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Why Founders Should Start With a Website, Not a Mobile App

When I was a Stanford undergraduate in 2012, everyone seemed to be building apps. The sexiest tech startups—Snap, Uber, Facebook—were almost synonymous with the word “app,” and that the world was moving increasingly towards “mobile-only” software. Mobile fever was everywhere, and software = apps.

Now it’s 2019. App obsession has calmed down. In the meantime, I’ve worked at Google and started a video editing website called Kapwing, so I have more perspective on what it’s like to launch a startup. In this post, I’ll share my opinion on why founders should *almost* always build a website first instead of a native app in the early days of a startup.

Last September, my co-founder and I noticed that video memes were hugely popular and that there were several meme native apps, but there were no websites that helped people make video memes online. So, we built the web’s first video meme generator. Within weeks, Kapwing had hundreds of meme creators using the website daily thanks to the magic of SEO. Soon, our users were begging us for other video editing tools for the browser, and Kapwing was born.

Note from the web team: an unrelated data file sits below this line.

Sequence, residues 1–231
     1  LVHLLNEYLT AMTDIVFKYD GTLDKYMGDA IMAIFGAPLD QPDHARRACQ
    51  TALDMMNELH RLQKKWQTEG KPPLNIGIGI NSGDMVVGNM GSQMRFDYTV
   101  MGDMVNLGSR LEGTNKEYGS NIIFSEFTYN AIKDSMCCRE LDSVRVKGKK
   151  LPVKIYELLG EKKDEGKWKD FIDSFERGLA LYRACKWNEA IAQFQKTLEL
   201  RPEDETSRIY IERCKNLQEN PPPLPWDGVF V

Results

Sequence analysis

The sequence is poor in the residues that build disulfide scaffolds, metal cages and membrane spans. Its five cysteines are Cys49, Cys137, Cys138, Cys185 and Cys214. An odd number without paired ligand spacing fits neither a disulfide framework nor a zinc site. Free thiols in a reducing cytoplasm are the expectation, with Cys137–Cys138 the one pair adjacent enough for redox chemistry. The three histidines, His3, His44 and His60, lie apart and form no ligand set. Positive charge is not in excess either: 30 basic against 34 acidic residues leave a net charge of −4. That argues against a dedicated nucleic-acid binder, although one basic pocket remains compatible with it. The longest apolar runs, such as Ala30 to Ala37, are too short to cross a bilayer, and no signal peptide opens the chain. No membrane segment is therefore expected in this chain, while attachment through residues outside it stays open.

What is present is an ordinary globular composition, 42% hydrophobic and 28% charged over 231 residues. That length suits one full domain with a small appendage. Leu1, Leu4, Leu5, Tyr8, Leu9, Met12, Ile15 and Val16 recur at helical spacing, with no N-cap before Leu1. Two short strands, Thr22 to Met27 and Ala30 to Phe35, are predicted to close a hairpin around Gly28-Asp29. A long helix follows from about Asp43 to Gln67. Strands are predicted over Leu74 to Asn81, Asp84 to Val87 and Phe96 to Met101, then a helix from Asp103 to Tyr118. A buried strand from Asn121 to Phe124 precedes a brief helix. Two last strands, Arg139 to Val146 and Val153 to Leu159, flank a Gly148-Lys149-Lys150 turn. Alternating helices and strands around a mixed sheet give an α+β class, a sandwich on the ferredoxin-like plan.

The pressure of bootstrapping helped us discover the power of the web. As we scrambled to get traction, we learned a lot about SEO, the affordability of cloud storage, advancements in web technology, blogging, and the growth of web productivity platforms. Ilya Fushman, Dylan Field, and Clark Valberg all got involved as investors. Now, we built an iOS app to facilitate video downloads, although almost all product development is focused on Kapwing’s web platform. Based on my experience in Startup Land over the last 15 months, here are some things you should consider when bringing your startup to market.

Consumer usage: Mobile apps vs websites
According to research from the Chrome team at Google and others, people spend more time on mobile apps than they do on mobile websites. Apps account for up to 90% of time spent on a phone and 77% of the time on tablets. But app usage is heavily concentrated in a few favorite apps (eMarketer). More than 50% of consumer app time is taken by a Facebook or Alphabet app (Apptopia), and 90% is spent in a person’s five top apps.

Alternatively, time spent on the web is more evenly distributed across providers and publishers. In the browser, people visit new websites they find on Google, explore links from existing apps, and browse content without the barrier of app installation. As a result, it’s easier for an unknown startup to reach users for the first time with a web presence vs a native presence.

4 reasons to first build a website instead of a mobile app
Based on my experience …

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